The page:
- Although some apparently healthy trees may need to be removed, due to root growing conditions or problems specific to the tree species, wholesale removal of healthy roadside trees imposes significant costs on communities, their residents and businesses due to the loss of the benefits provided by healthy roadside trees. These and other benefits were described in the State Vegetation Management Task Force Report, as follows:
reduced energy costs
increased property values
increased business income
reduced flooding, stormwater runoff
and erosion problems
improved air quality
reduction in carbon
improved mental and physical health
habitat and food for birds and animals protection of street pavement
traffic calming (reduction in traffic speed)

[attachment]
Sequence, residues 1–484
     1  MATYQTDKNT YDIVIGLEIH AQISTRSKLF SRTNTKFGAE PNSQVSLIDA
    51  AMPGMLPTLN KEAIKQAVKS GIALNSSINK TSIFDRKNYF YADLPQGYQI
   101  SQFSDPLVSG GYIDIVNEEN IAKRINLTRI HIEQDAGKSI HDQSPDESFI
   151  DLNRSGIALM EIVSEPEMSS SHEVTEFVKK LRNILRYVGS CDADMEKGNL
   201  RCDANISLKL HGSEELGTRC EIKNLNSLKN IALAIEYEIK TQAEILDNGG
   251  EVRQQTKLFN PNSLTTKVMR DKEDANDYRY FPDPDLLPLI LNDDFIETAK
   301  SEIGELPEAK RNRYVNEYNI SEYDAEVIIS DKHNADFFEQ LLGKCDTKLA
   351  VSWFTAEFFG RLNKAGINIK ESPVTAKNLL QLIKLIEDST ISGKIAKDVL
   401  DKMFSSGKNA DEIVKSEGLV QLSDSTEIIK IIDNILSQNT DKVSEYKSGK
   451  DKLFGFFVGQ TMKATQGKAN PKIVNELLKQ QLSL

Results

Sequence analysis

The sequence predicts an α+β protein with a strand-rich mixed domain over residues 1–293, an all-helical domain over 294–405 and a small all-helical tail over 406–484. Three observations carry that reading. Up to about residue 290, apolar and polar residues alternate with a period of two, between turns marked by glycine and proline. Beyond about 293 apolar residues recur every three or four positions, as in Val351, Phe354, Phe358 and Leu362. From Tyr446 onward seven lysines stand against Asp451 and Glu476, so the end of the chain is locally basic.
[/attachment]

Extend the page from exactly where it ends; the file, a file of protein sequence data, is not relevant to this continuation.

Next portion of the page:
- The costs of losing the benefits of healthy roadside trees outweigh the improvement in power reliability that such cutting in the Utility Protection Zone might produce. In recognition of these benefits and the importance of street trees to a community's character, the Task Force Report envisioned a long term transition to "right tree/right place" roadside trees, replacing dead and declining large trees with trees that pose no risk at their mature height of growing into or falling on electric utility infrastructure. It did not call for removal of all healthy roadside trees within the Utility Protection Zone. It did call for immediate removal of hazardous trees. ETT removes both hazardous trees and branches and healthy trees and branches. The data indicating some reduction in outages from ETT does not permit analysis of the extent to which removal of healthy trees within the Utility Protection Zone is important to that reduction. Although no formal study has been done, observers have reported that from 50 to 70% of outages from storms are caused by trees falling on wires from outside the Utility Protection Zone. In its Final Decision, Docket 12-06-09, p. 12, PURA estimated, based on consultant reports, that 78% of tree-related power outages during the two 2011 major storms were caused by trees that were outside of the "normal trim zone." In some towns, 90% of the power outages caused by trees in the two storms were said to come from outside of the "normal trim zone."